Lawson Cypress

©Philip Precey

Lawson cypress

Scientific name: Chamaecyparis lawsoniana
The Lawson cypress is a large, conical-shaped, evergreen tree that has been introduced into the UK and widely planted in gardens and parks. It has also naturalised along damp banks and woodland edges.

Species information

Statistics

Height: up to 45m

Conservation status

Introduced, but naturalised species. Listed as Near Threatened on the global IUCN Red List of Threatened Species.

When to see

January to December

About

The Lawson cypress is a large, evergreen tree, that has been widely planted in parks and gardens as an ornamental or hedging species. Introduced from North America in the 1800s, it has also become naturalised along damp banks and woodland edges, providing shelter for birds when deciduous trees are not in leaf.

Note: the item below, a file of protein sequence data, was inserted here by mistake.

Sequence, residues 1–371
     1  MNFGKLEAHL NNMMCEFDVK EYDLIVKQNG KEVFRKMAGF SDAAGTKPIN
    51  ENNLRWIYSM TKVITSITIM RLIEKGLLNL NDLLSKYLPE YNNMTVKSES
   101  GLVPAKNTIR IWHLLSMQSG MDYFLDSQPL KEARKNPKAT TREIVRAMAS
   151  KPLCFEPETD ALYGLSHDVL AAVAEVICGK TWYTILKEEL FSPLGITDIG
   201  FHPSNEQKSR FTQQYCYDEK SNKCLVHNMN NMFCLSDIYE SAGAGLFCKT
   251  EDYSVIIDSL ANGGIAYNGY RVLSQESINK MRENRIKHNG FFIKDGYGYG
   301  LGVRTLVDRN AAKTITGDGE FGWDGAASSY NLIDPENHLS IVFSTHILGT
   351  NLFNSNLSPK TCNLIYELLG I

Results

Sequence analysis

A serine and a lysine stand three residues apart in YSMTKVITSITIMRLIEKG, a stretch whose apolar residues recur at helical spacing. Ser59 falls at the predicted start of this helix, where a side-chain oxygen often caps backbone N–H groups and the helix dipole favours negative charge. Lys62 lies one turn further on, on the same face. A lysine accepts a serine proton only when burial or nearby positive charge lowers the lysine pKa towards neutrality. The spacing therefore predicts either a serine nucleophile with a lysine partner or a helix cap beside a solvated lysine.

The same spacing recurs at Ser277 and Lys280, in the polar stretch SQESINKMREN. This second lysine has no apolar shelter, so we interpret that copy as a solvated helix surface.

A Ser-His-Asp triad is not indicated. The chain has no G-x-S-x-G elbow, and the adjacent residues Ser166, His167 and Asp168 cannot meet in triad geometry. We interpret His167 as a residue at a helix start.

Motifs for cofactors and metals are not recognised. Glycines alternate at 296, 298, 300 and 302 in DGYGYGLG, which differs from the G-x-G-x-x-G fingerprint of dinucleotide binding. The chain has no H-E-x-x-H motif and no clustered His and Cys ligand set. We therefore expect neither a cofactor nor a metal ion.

How to identify

The Lawson cypress has small, scale-like leaves that cover its green twigs. Left alone, a mature tree will become tall and conical in shape, but they are often pruned down in gardens and parks.

Distribution

Widespread.

Did you know?

The Lawson cypress was introduced into the UK from California in 1854.

How people can help

Our gardens are a vital resource for wildlife, providing corridors of green space between open countryside, allowing species to move about. In fact, the UK's gardens provide more space for nature than all the National Nature Reserves put together. So why not try planting native plants and trees to entice birds, mammals and invertebrates into your backyard? To find out more about encouraging wildlife into your garden, visit our Wild About Gardens website: a joint initiative with the RHS, there's plenty of facts and tips to get you started.